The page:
Sunday, September 14, 2008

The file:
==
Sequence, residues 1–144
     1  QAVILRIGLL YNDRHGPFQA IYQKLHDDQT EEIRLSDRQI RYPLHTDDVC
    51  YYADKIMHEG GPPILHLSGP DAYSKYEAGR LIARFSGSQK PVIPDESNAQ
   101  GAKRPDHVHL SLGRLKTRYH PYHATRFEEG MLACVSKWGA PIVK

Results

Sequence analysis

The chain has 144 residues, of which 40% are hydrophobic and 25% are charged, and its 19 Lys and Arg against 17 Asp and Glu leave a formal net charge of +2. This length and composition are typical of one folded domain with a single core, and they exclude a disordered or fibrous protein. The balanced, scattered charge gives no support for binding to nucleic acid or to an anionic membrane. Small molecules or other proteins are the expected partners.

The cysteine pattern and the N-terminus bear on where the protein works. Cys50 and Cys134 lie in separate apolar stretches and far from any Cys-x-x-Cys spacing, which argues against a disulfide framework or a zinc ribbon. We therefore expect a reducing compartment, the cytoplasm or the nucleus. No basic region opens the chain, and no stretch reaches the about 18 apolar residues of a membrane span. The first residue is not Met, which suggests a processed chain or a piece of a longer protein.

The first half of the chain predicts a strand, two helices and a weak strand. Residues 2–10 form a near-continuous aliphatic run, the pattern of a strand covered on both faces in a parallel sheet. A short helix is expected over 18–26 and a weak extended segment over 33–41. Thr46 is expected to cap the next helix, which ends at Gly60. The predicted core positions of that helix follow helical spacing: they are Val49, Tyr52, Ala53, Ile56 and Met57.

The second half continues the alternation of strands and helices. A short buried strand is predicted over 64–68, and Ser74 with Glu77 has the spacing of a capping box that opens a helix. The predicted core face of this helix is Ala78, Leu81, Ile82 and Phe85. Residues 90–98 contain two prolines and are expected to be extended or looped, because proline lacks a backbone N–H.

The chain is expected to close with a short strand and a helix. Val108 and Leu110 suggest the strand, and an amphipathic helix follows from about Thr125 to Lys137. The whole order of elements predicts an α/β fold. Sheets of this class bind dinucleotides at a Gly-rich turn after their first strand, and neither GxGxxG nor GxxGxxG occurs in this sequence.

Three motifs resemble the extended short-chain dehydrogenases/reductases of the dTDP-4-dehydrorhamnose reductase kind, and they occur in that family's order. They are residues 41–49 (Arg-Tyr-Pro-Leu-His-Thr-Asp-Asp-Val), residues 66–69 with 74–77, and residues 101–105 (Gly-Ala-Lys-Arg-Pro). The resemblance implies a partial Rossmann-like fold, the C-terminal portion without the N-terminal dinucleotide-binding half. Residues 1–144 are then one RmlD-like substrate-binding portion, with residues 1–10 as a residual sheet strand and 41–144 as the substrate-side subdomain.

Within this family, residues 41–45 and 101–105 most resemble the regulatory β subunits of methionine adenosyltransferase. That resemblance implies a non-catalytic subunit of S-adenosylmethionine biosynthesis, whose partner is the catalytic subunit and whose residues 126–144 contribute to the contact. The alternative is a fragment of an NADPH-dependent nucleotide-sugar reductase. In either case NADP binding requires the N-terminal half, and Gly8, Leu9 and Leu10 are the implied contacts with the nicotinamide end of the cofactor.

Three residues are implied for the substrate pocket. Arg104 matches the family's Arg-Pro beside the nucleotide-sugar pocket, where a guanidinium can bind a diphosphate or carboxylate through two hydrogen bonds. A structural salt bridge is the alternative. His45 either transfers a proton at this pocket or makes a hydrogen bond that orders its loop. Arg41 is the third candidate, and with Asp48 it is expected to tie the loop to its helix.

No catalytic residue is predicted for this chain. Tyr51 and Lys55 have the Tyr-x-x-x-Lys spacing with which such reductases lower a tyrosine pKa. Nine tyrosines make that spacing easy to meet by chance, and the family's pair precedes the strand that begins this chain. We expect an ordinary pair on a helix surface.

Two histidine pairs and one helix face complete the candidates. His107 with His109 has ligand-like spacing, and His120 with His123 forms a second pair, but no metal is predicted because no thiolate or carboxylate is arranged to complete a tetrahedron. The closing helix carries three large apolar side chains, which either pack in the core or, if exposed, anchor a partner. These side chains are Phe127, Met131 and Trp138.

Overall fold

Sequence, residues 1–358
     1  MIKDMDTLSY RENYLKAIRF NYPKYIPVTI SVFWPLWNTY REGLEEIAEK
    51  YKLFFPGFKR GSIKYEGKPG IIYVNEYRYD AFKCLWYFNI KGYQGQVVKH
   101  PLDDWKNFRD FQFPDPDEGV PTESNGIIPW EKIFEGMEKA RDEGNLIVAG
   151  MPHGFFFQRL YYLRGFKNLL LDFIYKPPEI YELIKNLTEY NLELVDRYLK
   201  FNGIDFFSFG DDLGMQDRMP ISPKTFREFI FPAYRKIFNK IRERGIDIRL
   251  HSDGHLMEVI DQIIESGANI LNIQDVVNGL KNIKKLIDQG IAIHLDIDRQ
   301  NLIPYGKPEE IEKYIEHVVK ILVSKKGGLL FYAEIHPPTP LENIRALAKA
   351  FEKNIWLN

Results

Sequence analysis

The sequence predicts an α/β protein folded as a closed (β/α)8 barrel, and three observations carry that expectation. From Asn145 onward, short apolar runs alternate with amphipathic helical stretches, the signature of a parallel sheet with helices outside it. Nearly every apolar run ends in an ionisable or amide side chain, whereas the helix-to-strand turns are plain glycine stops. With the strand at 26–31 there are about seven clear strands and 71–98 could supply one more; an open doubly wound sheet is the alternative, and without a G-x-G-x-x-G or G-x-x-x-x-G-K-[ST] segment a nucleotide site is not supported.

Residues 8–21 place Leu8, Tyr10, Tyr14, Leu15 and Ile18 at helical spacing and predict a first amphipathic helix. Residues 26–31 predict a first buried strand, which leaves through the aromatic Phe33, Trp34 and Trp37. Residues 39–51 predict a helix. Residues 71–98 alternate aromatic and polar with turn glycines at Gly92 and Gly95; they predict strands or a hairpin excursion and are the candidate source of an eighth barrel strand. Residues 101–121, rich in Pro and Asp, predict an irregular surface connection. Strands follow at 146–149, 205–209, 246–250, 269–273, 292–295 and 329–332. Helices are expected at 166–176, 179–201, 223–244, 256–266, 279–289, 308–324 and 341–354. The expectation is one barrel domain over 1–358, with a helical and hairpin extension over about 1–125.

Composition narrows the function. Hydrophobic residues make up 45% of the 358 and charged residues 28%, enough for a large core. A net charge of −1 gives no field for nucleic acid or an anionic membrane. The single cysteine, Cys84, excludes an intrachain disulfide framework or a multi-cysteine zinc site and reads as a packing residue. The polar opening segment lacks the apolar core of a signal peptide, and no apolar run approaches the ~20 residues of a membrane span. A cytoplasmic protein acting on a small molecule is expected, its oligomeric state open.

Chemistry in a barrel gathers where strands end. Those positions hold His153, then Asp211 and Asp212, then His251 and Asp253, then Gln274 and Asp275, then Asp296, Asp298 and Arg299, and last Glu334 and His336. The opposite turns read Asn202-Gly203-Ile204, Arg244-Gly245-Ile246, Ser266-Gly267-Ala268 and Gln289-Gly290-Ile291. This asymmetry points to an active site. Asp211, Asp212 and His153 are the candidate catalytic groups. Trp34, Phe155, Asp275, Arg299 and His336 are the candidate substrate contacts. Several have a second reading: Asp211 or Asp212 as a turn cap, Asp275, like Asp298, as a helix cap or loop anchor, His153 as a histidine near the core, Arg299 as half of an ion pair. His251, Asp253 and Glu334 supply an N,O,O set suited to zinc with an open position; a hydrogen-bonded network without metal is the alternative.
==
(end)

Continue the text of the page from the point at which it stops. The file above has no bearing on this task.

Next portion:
The moisture requirements of insects and mites are varied. Examination of the habitat from which specimens were collected should provide clues about their moisture requirements in captivity. Many insects in the pupal stage are resistant to drought. Species that normally infest stored foods also require very little moisture; in fact, many produce their own water. Most species found outdoors require higher levels of humidity than are generally found indoors. Additional moisture can be added to indoor rearing cages in several ways. To increase the humidity in a cage, keep a moist pad of cotton on top of the screen cover of the cage, or place a moist sponge or a small glass vial filled with water in the cage. The mouth of the vial is plugged with cotton and the vial laid on its side so the cotton remains moist. Pupae may be held for long periods in moist sawdust, vermiculite, sphagnum, or peat moss. In a flowerpot cage, the water used to keep the plant alive should provide sufficient moisture for the plant feeding insects and mites. Spraying the leaves daily also may supplement moisture requirements in rearing cages. Too much moisture may result in water condensation on the sides of the cage, which may trap the specimens and damage or kill them. Excess moisture also enhances the growth of mold and fungus, which is detrimental to the development of most insects and mites. A 2-3 percent solution of table salt sprayed regularly in the cage will help prevent mold and fungus growth.

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